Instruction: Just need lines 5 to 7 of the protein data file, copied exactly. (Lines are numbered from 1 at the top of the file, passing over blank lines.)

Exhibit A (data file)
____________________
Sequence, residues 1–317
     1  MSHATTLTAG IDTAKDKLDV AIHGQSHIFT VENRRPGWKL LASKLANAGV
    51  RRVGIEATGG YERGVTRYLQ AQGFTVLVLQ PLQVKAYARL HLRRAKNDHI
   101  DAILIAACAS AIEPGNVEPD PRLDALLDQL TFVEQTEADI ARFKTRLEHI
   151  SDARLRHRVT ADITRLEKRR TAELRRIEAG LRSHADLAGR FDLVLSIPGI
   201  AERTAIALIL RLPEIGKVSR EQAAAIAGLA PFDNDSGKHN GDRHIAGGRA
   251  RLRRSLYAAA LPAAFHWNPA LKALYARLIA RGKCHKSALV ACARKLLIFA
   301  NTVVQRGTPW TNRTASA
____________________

   151  SDARLRHRVT ADITRLEKRR TAELRRIEAG LRSHADLAGR FDLVLSIPGI
   201  AERTAIALIL RLPEIGKVSR EQAAAIAGLA PFDNDSGKHN GDRHIAGGRA
   251  RLRRSLYAAA LPAAFHWNPA LKALYARLIA RGKCHKSALV ACARKLLIFA